Can Innovation Balance with Status Quo?
As much as I love change, innovation, #RCUS (Random Collisions of Unusual Suspects per Saul Kaplan) and challenging the Status Quo, I realized how much the comfort and haven of some Status Quo means to me as we got settled at our place in Maine. The familiar faces in our little grocery store and post office, seeing long-time friends, the same lobster boats and buoys in the harbor provide a sense of calm, certainty, stability that, paradoxically, frees me to challenge, change, and innovate.
Yet there is still constant change. In Maine, it’s in the water. Several years ago, an old lobsterman had the most elaborate buoys: stripe of red, stripe of white, stripe of red with something different painted in the stripe of white every year such as a buoy, a lobster, and after 9/11, the American Flag. Our kids got one of his buoys every year. One year, there were about half the number of his buoys in the bay. When we saw him at the Co-Op, he informed us his wife had died that winter and he just wasn’t up to it. He looked frail. The next year, his boat wasn’t in the harbor and there were no buoys. He had died that winter. There were new boats and buoys in the harbor. Death and renewal.
What does this have to do with innovation, business, anything? I think a lot on (at least) two levels:
- While we have to embrace the increasing velocity of change and uncertainty for meaningful, effective innovation, change for change’s sake is not the goal. Sometimes the way it is now is really ok. We need to discern the difference and continually re-evaluate. Nothing stays totally the same forever. While the islands, shoals, and hidden rocks are still there, their contours have changed, perhaps ever so slightly, due to the tides, the weather – due to just being there.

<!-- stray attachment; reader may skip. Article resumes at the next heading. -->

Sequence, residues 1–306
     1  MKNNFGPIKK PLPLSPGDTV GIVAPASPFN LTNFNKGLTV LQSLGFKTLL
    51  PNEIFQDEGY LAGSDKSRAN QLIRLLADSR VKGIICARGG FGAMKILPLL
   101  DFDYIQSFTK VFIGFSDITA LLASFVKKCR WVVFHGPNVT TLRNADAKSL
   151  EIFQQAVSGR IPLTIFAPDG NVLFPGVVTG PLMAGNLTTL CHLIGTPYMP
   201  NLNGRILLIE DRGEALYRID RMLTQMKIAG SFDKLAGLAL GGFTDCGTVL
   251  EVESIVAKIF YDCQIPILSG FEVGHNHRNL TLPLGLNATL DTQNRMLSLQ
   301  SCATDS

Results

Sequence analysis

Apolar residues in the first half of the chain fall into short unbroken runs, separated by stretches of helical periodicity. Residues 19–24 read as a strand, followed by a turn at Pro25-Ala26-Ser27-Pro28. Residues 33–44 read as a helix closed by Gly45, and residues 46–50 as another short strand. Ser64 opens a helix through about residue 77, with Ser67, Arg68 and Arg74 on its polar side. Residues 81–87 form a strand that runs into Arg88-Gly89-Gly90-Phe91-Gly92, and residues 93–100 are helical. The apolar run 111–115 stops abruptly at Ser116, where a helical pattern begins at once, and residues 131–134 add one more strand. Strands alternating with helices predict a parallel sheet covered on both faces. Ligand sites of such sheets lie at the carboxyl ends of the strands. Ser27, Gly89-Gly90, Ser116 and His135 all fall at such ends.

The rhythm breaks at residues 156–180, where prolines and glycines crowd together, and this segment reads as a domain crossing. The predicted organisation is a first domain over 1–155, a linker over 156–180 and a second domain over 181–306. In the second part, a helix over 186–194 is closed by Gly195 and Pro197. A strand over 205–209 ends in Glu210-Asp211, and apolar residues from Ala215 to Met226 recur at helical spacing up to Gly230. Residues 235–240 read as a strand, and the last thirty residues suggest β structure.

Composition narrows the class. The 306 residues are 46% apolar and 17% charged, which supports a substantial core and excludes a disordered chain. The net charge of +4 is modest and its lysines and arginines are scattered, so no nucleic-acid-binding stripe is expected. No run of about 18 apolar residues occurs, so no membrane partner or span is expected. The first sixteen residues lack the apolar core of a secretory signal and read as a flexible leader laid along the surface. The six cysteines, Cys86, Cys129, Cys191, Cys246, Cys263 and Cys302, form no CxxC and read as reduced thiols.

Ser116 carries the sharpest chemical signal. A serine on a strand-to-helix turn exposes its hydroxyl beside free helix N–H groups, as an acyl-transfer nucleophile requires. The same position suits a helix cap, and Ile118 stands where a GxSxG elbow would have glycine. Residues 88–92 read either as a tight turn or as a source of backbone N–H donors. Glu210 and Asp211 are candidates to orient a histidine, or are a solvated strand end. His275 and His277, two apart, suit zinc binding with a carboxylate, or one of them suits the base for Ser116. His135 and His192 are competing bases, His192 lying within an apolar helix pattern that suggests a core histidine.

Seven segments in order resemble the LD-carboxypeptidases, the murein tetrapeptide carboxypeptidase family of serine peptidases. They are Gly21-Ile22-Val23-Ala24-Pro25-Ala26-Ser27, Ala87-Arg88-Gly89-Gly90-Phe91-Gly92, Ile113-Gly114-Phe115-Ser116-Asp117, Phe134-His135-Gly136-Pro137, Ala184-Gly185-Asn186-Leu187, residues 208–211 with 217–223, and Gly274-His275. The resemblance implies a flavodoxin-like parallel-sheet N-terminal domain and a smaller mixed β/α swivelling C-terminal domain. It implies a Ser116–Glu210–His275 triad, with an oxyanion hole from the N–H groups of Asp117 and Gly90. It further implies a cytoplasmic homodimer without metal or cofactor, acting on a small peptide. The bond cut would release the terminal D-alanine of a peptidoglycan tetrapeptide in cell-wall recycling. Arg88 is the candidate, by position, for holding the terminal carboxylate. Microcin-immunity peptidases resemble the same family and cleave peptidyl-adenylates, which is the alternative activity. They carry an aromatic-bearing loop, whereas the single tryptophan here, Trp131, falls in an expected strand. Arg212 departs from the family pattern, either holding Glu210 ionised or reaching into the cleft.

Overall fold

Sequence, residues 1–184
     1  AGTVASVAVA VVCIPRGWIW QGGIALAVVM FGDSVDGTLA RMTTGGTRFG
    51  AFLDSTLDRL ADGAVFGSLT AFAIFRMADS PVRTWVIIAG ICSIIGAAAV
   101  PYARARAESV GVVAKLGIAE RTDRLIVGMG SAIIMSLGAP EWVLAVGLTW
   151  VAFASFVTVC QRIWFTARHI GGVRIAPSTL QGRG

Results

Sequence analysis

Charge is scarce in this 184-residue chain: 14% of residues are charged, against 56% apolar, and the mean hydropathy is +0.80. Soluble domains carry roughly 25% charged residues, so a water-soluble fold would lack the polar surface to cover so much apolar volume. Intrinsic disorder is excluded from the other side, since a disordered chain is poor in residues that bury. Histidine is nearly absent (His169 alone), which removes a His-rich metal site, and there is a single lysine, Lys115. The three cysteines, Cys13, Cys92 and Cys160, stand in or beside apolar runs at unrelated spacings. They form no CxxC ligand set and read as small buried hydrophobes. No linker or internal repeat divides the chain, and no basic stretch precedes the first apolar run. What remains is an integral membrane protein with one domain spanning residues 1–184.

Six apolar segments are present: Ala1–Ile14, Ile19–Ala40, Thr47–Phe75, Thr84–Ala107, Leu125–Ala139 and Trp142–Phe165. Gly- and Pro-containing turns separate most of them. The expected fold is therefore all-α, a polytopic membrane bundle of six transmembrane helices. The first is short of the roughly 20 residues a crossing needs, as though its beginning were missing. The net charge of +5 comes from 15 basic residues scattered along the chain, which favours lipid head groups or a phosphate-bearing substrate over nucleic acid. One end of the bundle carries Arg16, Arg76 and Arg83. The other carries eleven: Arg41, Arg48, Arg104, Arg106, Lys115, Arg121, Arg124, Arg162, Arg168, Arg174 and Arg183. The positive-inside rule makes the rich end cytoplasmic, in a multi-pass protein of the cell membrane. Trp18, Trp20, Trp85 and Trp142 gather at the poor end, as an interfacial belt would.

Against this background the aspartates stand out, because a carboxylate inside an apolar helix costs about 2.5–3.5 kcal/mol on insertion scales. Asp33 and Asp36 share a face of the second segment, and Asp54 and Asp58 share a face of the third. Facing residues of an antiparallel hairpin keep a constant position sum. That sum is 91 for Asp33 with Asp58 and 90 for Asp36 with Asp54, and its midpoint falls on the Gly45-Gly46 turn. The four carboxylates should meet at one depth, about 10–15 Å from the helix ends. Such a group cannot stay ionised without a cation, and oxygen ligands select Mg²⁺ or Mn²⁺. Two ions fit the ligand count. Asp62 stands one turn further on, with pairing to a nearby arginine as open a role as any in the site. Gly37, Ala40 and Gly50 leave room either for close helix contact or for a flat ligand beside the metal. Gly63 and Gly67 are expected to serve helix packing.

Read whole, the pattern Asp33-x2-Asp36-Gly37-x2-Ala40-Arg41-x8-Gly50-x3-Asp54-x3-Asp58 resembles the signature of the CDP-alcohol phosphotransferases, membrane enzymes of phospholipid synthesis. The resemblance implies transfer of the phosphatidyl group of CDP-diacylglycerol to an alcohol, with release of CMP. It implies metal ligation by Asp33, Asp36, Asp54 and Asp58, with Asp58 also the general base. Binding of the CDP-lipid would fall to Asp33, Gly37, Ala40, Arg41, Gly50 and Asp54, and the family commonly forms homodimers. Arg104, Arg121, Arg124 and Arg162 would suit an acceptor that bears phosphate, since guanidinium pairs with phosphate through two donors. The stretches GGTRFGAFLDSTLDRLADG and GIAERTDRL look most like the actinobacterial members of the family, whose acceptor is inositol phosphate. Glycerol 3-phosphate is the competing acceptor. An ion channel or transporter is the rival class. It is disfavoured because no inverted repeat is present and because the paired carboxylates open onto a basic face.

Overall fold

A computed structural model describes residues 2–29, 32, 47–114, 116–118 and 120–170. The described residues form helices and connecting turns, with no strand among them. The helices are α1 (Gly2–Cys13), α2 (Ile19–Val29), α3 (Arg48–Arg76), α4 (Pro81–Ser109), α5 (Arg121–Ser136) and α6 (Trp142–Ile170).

- We need to start looking for subtle changes and patterns that provide enormous opportunities. Most non-locals here in Pemaquid probably don’t even notice the changes in lobster boats and buoys – but they are significant indicators of shifts (and generations). While boats and buoys are tangible, many times the patterns are in the intangibles, which is harder to perceive (and measure).
So, I leave you with two challenges as you head out to volleyball and soccer games, walks down the halls at work, visits to plants, boarding planes, even daily commutes:
- Identify the constants in your life, your work, that are working well and that aren’t. Do they need to be changed? Do they provide the stability that allows innovation or do they impede it?
- Look for subtle patterns and changes – especially in places you don’t normally look and think about what opportunities can arise from these.
Please feel free to share your learnings with your fellow readers here in the comments.
Deb, founder of Mills-Scofield LLC, is an innovator, entrepreneur and non-traditional strategist with 20 years experience in industries ranging from the Internet to Manufacturing with multinationals to start ups. She is also a partner at Glengary LLC, a Venture Capital Firm.
NEVER MISS ANOTHER NEWSLETTER!
It must be great to be in the credit card business in the United States. Demand is relatively inelastic and regulation is lax, so you can charge whatever you want for an interest rate, increase your fees once or twice a year, and make additional money off cash withdrawals and foreign exchange transactions.Read More
As people become ever more immune to traditional advertising and marketing, branding will become more important. Branding is all about building an emotional connection with customers. Making the decision to follow a strategy focused on building a brand is not without peril, however, as it means that you will have to choose to not do certain things, like pursue a low price strategy.Read More